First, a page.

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Panigada M.,Intensive Care and Emergency | Zacchetti L.,Intensive Care and Emergency | L'Acqua C.,Intensive Care and Emergency | Cressoni M.,Intensive Care and Emergency | And 6 more authors.
PLoS ONE | Year: 2015

Introduction: Impairment of fibrinolysis during sepsis is associated with worse outcome. Early identification of this condition could be of interest. The aim of this study was to evaluate whether a modified point-of-care viscoelastic hemostatic assay can detect sepsis-induced impairment of fibrinolysis and to correlate impaired fibrinolysis with morbidity and mortality. Methods: This single center observational prospective pilot study was performed in an adult Intensive Care Unit (ICU) of a tertiary academic hospital. Forty consecutive patients admitted to the ICU with severe sepsis or septic shock were included. Forty healthy individuals served as controls. We modified conventional kaolin activated thromboelastography (TEG) adding urokinase to improve assessment of fibrinolysis in real time (UK-TEG). TEG, UK-TEG, plasminogen activator inhibitor (PAI)-1, thrombin-activatable fibrinolysis inhibitor (TAFI), ddimer, DIC scores and morbidity (rated with the SOFA score) were measured upon ICU admission. Logistic regression was used to calculate odds ratios (ORs) and 95% confidence intervals (95% CIs) of mortality at ICU discharge. Results: UK-TEG revealed a greater impairment of fibrinolysis in sepsis patients compared to healthy individuals confirmed by PAI-1. TAFI was not different between sepsis patients and healthy individuals. 18/40 sepsis patients had fibrinolysis impaired according to UK-TEG and showed higher SOFA score (8 (6-13) vs 5(4-7), p = 0.03), higher mortality (39% vs 5%, p = 0.01) and greater markers of cellular damage (lactate levels, LDH and bilirubin). Mortality at ICU discharge was predicted by the degree of fibrinolysis impairment measured by UK-TEG Ly30 (%) parameter (OR 0.95, 95% CI 0.93-0.98, p = 0.003). Conclusions: Sepsis-induced impairment of fibrinolysis detected at UK-TEG was associated with increased markers of cellular damage, morbidity and mortality. © 2015 Panigada et al.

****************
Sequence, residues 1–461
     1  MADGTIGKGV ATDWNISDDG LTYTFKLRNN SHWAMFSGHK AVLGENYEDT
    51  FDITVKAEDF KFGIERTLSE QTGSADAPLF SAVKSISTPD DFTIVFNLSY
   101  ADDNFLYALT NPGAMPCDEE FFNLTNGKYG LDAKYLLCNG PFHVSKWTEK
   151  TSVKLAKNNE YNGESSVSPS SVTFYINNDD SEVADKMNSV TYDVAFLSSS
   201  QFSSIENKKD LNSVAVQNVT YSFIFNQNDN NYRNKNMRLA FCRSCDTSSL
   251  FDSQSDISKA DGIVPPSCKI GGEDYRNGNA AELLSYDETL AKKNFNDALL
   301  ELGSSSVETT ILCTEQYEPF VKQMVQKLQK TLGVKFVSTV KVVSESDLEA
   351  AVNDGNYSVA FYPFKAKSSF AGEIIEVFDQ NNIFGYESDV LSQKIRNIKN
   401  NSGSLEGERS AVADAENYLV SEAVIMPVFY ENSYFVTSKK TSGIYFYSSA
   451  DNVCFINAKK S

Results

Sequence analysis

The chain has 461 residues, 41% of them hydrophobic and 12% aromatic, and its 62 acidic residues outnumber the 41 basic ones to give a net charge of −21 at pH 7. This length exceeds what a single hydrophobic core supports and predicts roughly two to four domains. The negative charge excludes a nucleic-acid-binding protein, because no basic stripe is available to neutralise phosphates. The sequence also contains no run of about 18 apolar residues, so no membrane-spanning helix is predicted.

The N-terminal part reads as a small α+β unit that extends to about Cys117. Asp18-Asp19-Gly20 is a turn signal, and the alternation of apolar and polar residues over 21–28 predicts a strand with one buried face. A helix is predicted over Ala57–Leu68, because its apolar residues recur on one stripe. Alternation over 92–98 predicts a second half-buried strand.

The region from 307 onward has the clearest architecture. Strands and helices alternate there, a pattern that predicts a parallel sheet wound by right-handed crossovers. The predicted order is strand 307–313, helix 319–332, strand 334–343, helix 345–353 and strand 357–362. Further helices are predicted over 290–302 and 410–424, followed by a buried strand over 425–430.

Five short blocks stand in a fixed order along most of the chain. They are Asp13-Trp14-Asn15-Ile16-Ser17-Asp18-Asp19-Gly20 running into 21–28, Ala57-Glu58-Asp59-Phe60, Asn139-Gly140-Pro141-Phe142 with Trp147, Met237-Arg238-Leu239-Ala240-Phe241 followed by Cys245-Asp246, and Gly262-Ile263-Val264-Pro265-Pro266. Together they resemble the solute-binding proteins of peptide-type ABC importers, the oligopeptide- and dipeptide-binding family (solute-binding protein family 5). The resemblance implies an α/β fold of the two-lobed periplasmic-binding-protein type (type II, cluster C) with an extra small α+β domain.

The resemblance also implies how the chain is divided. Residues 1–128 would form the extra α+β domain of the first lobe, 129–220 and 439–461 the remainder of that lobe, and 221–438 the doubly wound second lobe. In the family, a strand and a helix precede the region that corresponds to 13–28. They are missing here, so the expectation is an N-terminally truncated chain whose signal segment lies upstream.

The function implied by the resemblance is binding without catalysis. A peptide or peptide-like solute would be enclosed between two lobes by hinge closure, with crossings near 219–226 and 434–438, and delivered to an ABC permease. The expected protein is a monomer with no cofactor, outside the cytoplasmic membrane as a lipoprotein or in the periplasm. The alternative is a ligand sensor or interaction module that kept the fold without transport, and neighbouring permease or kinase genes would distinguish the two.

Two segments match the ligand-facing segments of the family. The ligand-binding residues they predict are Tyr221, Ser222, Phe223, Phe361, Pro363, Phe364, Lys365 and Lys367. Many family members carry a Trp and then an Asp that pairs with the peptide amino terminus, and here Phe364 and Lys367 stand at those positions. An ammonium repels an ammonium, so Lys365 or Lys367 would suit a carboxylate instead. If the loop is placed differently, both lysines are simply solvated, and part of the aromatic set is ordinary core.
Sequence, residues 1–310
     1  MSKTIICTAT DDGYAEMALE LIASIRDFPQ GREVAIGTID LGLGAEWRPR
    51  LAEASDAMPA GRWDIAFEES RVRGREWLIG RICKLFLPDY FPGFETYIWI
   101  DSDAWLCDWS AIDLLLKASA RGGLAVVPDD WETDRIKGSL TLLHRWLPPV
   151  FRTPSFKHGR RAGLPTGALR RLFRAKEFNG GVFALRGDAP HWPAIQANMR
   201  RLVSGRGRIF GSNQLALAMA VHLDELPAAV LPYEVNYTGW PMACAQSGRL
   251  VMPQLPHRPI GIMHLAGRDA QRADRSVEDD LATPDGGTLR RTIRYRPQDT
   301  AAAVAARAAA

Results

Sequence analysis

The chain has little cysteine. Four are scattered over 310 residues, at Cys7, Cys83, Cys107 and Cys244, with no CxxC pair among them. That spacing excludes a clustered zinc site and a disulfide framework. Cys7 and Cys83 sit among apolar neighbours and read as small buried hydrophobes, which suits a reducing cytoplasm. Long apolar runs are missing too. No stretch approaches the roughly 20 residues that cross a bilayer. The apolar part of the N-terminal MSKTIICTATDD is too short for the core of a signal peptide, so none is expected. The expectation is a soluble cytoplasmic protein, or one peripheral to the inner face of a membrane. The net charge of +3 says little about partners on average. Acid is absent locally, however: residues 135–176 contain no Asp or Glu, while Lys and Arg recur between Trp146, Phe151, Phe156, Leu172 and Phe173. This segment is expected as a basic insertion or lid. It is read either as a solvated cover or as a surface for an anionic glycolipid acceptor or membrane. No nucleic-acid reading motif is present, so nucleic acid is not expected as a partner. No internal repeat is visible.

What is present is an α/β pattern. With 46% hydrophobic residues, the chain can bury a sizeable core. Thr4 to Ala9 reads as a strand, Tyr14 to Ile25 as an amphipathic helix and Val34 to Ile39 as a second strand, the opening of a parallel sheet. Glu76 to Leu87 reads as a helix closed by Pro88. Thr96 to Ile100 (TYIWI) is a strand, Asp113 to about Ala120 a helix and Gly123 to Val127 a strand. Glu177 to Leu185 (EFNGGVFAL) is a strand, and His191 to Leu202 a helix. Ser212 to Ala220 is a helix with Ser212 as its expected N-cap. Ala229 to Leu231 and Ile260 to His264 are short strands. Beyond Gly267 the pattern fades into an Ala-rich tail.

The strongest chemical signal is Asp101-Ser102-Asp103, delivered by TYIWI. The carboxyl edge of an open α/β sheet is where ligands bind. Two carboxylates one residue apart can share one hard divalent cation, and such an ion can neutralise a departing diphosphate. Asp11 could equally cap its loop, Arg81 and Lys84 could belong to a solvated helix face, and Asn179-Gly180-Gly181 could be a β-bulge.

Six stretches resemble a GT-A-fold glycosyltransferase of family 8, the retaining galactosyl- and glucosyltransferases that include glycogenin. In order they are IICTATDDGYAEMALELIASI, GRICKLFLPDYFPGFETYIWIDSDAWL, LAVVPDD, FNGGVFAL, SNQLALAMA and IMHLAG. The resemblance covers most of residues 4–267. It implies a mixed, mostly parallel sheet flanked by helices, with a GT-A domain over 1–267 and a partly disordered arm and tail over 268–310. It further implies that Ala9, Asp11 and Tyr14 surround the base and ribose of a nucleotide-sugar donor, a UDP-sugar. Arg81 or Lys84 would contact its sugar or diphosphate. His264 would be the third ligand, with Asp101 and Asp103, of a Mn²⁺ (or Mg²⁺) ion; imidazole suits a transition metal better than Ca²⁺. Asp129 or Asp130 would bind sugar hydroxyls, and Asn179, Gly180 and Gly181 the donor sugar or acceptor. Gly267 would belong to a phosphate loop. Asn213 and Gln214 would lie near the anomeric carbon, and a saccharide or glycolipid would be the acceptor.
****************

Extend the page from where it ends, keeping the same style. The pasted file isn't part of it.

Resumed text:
Prisco L.,Intensive Care and Emergency | Iscra F.,Intensive Care and Emergency | Ganau M.,University of Trieste | Berlot G.,Intensive Care and Emergency
Journal of Neurosurgical Sciences | Year: 2012